Do you feel guilty because you have a job during the pandemic and your friends don’t? This is for you

The therapist Lindsay Bryan-Podvin, from Ann Arbor, Michigan, specializes in helping people with financially motivated anxiety. Since the pandemic of the coronavirusHowever, his patients mostly talk to him about the guilt they feel because they are doing well.

Many people who continue to have jobs and financial security feel guilty amid so many hardships associated with the virus, said Bryan-Podvin, author of The Financial Anxiety Solution (The solution to anxiety caused by financial matters).

“They start to tell me things like ‘I shouldn’t complain, my partner is much worse’ or ‘I can’t believe I’m saying this because so and so in my neighborhood lost his job,' » said the therapist.

What people tell you and the language you use is almost identical to what Bryan-Podvin hears from people with posttraumatic stress, a mental disorder that can be caused by terrible events that a person experienced or witnessed.

« I feel like survivor guilt syndrome, » Bryan-Podvin said. « They feel like they don’t deserve everything they have. »

The guilt complex is a symptom of post-traumatic stress disorder, usually felt by people who wonder why they are still alive while others have died.

Guilt for financial reasons is not an official psychological diagnosis, But Bryan-Podvin pointed out that recognizing the similarities helps her treat patients with these disorders.

People who experience this type of guilt may feel sad or hopeless, according to the therapist. Many become obsessed and wonder why they got away with it and others didn’t, or what they could have done to help others. They often feel paralyzed, groggy, or overwhelmed.

« Survivor’s guilt is like any other kind of stress, » Bryan-Podvin said. « It can affect your sleep, your parasympathetic nervous system, your ability to live in the present. »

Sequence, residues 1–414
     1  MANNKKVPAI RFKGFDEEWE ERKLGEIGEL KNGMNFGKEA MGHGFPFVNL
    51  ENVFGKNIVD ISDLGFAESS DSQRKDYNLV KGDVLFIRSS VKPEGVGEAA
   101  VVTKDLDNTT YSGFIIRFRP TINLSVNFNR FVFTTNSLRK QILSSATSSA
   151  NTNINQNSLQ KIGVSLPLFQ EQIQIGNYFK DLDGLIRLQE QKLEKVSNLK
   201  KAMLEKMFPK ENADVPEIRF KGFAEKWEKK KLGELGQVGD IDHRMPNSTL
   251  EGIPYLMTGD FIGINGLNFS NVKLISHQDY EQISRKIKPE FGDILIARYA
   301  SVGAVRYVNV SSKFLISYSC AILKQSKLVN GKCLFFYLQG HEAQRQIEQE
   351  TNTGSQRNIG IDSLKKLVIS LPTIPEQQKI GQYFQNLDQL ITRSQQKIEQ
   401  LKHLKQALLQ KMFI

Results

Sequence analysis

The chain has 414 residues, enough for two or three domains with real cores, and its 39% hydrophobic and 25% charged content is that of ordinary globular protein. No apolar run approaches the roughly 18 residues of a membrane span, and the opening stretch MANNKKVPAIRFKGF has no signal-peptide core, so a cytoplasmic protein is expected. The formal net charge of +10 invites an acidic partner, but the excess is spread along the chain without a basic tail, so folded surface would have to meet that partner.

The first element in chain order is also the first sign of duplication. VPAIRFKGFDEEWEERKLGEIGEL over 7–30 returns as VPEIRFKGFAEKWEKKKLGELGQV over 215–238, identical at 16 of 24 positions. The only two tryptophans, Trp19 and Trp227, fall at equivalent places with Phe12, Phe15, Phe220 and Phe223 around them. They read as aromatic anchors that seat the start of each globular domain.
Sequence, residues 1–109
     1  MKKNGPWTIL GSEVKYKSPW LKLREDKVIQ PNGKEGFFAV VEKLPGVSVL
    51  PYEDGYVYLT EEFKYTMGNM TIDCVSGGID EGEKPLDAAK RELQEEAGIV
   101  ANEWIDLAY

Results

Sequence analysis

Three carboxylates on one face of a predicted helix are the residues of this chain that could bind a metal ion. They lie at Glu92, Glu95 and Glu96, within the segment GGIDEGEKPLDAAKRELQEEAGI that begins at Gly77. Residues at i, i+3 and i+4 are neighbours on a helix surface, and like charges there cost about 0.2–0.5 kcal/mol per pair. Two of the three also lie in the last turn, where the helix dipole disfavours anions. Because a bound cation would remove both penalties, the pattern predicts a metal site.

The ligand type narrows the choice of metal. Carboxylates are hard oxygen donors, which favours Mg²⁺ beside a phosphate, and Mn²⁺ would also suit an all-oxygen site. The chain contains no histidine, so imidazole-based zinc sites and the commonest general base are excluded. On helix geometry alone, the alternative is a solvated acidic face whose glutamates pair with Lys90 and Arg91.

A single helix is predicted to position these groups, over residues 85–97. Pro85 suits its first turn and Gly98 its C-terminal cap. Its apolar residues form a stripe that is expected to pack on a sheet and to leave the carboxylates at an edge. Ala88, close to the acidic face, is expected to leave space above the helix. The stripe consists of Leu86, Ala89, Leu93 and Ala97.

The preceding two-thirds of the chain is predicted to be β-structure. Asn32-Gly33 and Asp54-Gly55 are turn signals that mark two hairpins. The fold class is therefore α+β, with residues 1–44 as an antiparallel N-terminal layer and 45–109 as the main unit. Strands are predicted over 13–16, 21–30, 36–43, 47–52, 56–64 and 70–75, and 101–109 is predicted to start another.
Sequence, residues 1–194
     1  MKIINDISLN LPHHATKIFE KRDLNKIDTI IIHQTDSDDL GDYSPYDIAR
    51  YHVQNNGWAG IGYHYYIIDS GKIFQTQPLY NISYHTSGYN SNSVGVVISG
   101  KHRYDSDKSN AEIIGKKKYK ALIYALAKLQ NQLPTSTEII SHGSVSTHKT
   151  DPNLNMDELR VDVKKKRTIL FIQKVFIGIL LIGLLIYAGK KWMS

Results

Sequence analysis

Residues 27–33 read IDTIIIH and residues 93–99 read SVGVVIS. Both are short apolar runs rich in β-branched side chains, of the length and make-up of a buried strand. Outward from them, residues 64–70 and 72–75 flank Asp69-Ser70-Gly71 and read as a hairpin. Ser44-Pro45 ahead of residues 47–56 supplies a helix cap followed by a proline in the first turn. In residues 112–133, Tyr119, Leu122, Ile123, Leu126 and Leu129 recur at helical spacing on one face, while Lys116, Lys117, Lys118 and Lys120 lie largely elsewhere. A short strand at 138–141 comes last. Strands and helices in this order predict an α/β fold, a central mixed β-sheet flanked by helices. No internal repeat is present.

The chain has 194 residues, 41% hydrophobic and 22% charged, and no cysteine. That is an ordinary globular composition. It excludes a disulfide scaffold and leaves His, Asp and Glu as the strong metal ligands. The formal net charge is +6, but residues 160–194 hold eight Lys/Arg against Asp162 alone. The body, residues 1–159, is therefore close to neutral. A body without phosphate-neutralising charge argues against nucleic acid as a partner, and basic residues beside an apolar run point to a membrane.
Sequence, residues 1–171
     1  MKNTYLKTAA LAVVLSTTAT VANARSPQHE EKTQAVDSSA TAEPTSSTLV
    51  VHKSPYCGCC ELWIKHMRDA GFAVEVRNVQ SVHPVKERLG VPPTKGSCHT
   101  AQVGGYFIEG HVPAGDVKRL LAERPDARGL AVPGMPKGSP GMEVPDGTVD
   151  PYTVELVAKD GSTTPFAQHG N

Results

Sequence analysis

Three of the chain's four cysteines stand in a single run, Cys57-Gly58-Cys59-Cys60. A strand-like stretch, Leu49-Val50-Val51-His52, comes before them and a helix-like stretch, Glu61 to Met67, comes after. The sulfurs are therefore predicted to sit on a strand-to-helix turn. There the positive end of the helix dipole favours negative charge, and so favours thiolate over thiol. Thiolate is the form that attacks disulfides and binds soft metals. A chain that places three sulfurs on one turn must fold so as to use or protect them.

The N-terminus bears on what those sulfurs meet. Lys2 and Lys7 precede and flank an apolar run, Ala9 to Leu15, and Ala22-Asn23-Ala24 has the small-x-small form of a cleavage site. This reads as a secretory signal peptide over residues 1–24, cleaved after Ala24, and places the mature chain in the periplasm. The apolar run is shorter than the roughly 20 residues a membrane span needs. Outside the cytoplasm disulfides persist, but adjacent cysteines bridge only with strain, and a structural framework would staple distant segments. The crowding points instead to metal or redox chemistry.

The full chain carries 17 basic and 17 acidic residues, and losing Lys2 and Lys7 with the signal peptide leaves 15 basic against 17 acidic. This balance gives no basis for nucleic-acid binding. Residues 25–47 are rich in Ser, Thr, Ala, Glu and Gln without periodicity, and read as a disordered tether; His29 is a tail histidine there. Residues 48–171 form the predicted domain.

Recognizing what one experiences can helpaccording to financial planner Edward Coambs, a Charlotte, North Carolina, marriage and family therapist.

One of the reasons people feel survivor guilt is because we are programmed to seek justice and equity.

« That’s what really kicks in, » Coambs said. « We thought, ‘Is it fair that I continue to have a job and people in this industry no longer have jobs?’

« It is not your fault what happens to someone else, » he added. « Sometimes the guilt of the survivor comes from the fact that one assumes more responsibilities than they should. »

One way to resolve this guilt is to seek sensible ways to help others, therapists consider. Maybe working in a soup kitchen, donating to a cause, helping someone update their resume, or incorporating things that can make it easier for them to get a job.

“Helping in some way makes us feel better,” said Bryan-Podvin.

But don’t go overboard. It is not advisable to provide letters of reference and contacts to someone who is still shocked by the loss of their job, for example. Perhaps what the friend needs is someone to talk to.

When the goal is to alleviate one’s guilt, it is possible to forget about what the other is feeling, Coambs said.

On the other hand, resist the urge to talk about the setbacks you’ve suffered, Bryan-Podvin recommended. « It’s better to say ‘I’m very sorry about what happened, it must be very hard,' » he said.

Another way to combat survivor guilt in the financial arena it is to appreciate all the good that you have.

« Let’s turn guilt into gratitude, » explained therapist Preston D. Cherry of Lubbock, Texas.

Studies show that making lists of things to be thankful for, talking about them in a journal, or just enjoying those things can reduce stress and improve sleep and relationships with others.

Feeling bad about layoffs and economic swings is normal, but feeling sad or guilty for weeks is not, according to Bryan-Podvin.

If you can’t sleep, get too distracted at work, or forget important things, consider seeking professional help.

It may interest you:

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